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"Give her something she'll really love for Mother's Day," urges an advertisement for 14-karat gold Crown of Thorns pendants, rings, and earrings. The Samaritan Arts Jewelry in Amarillo, Texas offers its Crown of Thorns jewelry as the "greatest witnessing tool ever made." Could there be any better way to show your mother how much you value the sacrifices she has made for you.*

It "is symbolic of the suffering of our Lord Jesus Christ, and as such should not be worn merely as a piece of jewelry. The crown contains 39 thorns representative of the 39 lashes Jesus received at his scourging."


Mark Rutland (in Streams of Mercy, Vine Books, 1999) recalls an encounter in an elevator with an exhausted-looking man slumped lifelessly against the wall.

"Are you all right?" Rutland asked.

"School board," he muttered, as if this explained everything.

"Ahh," Rutland said. "Rough meeting.?"

"The Christians came today," the man responded, and the way he said Christians sounded like the way Christians used to say lions.

"Was it that bad.?" He shrugged.

"Oh, no worse than they usually are.

Placards, yelling, rudeness, interruptions. You know. It's just that my mother is dying in Dallas, and today I guess the Christians were just too much for me."


After extensive research, the Vatican's Observation Service for the Internet recently announced the top choice of computer and cyberspace pioneers for their patron saint. Saint Isidore of Seville (556-636), who wrote a dictionary called Etymologies, "gave his work a structure akin to that of the database. He began a system of thought known today as `flashes.'"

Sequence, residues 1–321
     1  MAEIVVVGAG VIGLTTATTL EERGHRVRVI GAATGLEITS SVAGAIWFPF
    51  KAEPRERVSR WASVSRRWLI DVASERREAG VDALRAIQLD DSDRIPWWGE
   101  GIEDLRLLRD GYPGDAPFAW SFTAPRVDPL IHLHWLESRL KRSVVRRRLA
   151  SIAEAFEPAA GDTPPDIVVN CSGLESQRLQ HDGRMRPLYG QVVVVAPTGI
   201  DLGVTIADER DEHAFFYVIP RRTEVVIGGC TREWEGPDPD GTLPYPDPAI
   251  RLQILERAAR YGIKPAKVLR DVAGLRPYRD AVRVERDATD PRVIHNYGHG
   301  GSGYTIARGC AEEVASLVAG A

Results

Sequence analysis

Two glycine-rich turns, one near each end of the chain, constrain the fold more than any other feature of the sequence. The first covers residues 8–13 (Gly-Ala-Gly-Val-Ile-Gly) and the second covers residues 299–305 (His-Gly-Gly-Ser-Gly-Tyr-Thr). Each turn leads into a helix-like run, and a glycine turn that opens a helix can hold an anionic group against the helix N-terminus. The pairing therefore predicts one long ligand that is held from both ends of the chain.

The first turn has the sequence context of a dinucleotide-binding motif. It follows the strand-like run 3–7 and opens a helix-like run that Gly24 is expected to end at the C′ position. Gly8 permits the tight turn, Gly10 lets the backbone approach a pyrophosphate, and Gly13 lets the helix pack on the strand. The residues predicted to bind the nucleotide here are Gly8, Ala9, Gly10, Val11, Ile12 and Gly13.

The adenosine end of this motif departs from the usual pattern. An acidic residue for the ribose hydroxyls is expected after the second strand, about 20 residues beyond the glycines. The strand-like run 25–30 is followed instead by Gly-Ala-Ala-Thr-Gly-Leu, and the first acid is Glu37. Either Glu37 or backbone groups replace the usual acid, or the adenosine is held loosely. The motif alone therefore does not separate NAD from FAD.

According to one cyberspace expert quoted by the Vatican office, Isidore "was ahead of his time and constituted a cultural bridge between the ancient and medieval eras. This also makes us feel close to him, as we are at the beginning of a new stage in history." (Zenit, Jan. 14, 1999)


As a fashion statement, WWJD? bracelets may be preferable to lip piercing. But Ed Marciniak thinks the underlying theology is askew. "The question `What Would Jesus Do.?' is not simply a matter of choosing a scripture passage and then charting a course of behavior.... Elbow grease, the art of compromise, precise information, common sense, and the bottom line head a long list of considerations that go into decision-making. They are essential components of good work. Like the good news of the gospel, they come with God's compliments. That's why G. K. Chesterton, when asked what book he would most enjoy were he stranded on an island, declined a Bible in favor of A Practical Guide to Shipbuilding." (Initiatives, Summer 1998)


In Italy, there are 100,000 full-time consulting magicians-three times the number of Roman Catholic priests. (United Church Observer, January 1999)


"The purpose of life is not to be happy. The purpose of life is to matter, to have it make a difference that you lived at all."--Leo Rosten (quoted in A New Moment; Pax Christi 1986)


"Don't get too impatient with your local bishop. Consider the alternative.... How many Catholic bishops would proclaim that Tinky Winky, the purple Teletubby, is gay?--Tim Unsworth (National Catholic Reporter, March 12, 1999)
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Title Annotation:news and anecdotes of concern to Catholics
Publication:U.S. Catholic
Article Type:Brief Article
Geographic Code:1USA
Date:May 1, 1999
Previous Article:Three of a kind.
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